I’m not patting myself on the back — there’s nothing to flaunt. I wasn’t an activist in the efficient, dedicated ways that others were. But I was involved and supportive — a lesbian with feminist principles. So why, all these years later, had I forgotten how to say what I opposed, agreed with, or truly felt? This new closet of mine was darker than any I’ve known.
Then, on October 29, 2019, a protest rally took place in front of the Toronto Public Library (TPL) where feminist and writer Meghan Murphy gave a talk, entitled, “Gender identity: What Does It Mean for Society, the Law, and Women?”
I admitted to myself and a few friends that if I still lived in Toronto I would have liked to attend. I, too, worry about the loss and safety of women’s private spaces. I am concerned about the rising number of girls who believe they have been born into the wrong body, and the return of gender conformity notions I thought were gone for good, largely as a result of the hard work done within the feminist movement, over decades. I watched the TPL protest online from 3,000 miles away and began to fear that we are not only throwing away that hard work, but that we have begun to erase and revile it. It is heartbreaking and disturbing to see lifelong feminists, women, generally, and lesbians overall, slandered and harassed because they will not — cannot — agree that their ineffable presence is reducible to someone else’s baseless notion of what it means to be — or to love — a woman. Women are not simply a set of stereotypes, a pair of heels, a vague “essence.” And a lesbian is not a man who identifies as a lesbian.
I can only imagine the mental suffering involved when a person feels their biological sex doesn’t match up with their psychological view of themselves. But I wish someone could tell me: what, exactly, does it “feel” like to be a woman? When I ask this question of myself, or the women I know, many of our answers are simply indicative of what it means to be human — the joy of being alive, the pleasures of a good wine, of sex, of friendships, and creative work. But other defining qualities of womanhood are so integral to the fabric of femininity that they leap to mind right away, everything from physical vulnerability while walking alone at night, to the undeniability of monthly hormonal changes. Migraines related to menstruation defined the lives of the women in my family straight through to menopause. Fear of unwanted pregnancy, decisions related to having children (or not), the specific biological issues women face in aging — I could go on. But lately a new feeling has come over me as I see the term “woman” tossed away and replaced with “people,” or pre-fixed with “cis.” What does it feel like to be a woman? More and more the answer has become: erased.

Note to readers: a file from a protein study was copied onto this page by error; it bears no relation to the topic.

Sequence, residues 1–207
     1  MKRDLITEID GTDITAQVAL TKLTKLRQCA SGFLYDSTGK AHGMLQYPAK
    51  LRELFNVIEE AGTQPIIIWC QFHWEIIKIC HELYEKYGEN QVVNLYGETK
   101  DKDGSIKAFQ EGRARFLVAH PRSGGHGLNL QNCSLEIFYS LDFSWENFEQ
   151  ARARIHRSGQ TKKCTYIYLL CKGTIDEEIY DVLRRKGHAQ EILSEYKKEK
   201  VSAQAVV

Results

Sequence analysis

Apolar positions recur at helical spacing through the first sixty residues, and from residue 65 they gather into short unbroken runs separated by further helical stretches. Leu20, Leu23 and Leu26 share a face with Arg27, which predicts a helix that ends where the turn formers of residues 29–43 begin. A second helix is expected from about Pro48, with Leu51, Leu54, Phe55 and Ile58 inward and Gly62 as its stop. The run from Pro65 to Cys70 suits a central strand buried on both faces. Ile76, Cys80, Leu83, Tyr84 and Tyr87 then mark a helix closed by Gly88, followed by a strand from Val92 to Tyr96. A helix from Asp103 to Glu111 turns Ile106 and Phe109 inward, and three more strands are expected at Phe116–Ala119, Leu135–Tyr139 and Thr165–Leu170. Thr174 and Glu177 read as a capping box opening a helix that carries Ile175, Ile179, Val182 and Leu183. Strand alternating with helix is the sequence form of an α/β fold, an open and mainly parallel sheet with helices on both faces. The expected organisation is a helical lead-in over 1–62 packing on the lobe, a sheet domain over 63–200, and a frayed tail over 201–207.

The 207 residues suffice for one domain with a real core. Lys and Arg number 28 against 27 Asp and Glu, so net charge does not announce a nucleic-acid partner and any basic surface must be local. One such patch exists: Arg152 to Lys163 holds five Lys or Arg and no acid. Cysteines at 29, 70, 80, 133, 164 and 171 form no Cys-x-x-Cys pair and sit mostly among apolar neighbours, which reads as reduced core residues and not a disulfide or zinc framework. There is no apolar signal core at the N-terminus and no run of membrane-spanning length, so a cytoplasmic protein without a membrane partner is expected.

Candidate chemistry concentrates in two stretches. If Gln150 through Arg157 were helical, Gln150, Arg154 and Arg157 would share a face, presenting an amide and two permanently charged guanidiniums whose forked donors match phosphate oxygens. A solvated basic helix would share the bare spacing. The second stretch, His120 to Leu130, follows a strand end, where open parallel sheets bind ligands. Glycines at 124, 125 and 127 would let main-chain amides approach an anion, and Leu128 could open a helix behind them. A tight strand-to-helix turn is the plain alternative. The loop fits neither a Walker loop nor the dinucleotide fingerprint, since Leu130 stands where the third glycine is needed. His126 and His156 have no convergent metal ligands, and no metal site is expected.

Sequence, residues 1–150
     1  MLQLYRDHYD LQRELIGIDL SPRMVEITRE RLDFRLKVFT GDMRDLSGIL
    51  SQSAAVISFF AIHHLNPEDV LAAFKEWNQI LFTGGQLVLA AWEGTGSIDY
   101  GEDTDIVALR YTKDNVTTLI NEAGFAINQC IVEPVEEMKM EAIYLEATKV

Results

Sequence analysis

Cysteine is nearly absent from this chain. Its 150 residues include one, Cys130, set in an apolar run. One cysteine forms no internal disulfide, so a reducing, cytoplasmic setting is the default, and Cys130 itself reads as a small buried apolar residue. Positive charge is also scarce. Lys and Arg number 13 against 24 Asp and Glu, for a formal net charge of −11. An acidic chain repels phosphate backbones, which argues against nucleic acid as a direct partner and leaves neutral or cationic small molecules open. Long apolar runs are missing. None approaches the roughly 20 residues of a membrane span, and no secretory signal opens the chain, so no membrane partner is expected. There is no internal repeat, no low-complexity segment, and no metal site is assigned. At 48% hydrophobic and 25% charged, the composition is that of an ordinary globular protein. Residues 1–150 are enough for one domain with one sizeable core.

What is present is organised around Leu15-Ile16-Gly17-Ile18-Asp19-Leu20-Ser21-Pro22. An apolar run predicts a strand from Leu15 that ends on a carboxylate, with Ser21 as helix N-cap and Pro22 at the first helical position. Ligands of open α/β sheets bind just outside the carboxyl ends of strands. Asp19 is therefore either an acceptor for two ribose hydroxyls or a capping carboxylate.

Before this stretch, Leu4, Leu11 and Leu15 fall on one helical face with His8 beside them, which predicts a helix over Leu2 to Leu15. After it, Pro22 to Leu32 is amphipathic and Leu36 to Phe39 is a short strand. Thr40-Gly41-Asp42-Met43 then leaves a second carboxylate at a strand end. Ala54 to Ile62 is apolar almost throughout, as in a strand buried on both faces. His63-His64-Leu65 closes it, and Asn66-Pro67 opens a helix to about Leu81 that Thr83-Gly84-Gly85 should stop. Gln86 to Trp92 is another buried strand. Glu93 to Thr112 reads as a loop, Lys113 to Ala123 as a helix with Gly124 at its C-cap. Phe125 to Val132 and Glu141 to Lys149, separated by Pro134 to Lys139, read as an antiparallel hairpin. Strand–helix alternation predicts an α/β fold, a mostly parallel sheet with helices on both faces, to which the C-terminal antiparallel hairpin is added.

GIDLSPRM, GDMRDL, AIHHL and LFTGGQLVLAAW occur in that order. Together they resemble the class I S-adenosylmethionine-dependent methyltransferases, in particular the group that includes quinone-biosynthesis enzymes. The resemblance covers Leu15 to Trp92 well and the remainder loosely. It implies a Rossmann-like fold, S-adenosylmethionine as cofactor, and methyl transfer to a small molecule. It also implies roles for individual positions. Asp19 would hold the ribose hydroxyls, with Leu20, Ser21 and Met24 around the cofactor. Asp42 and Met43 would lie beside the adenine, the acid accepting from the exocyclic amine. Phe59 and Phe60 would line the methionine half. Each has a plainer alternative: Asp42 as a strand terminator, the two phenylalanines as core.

No compassionate person would argue in favour of depriving anyone’s human rights, including those who identify as transgender. Instead, I know people — straight, gay, lesbian, bi — who have been supportive of diverse forms of sexual expression and alternate lifestyles for most of their adult lives, since we actively supported and defended each other’s right to exist (and throw fabulous dance parties) decades ago. For some, this is because we’ve weathered various forms of oppression ourselves. Many of us have dealt with mental health issues. For others, ongoing support is a matter of loyalty and affection for individuals in our own families, or among our friends, who may be struggling with psychological or identity issues of their own. But desiring to support those who identify as transgender should not mean we ignore the fact that women’s sex-based realities and challenges are unique and complex. Women have faced (and continue to face) an ongoing struggle to win, protect, or simply maintain our rights. Those of us who have been accepting and “inclusive” for years, but still wish to discuss and protect women’s rights and needs — only to be met with a violent, oppressive reaction — are justifiably angry.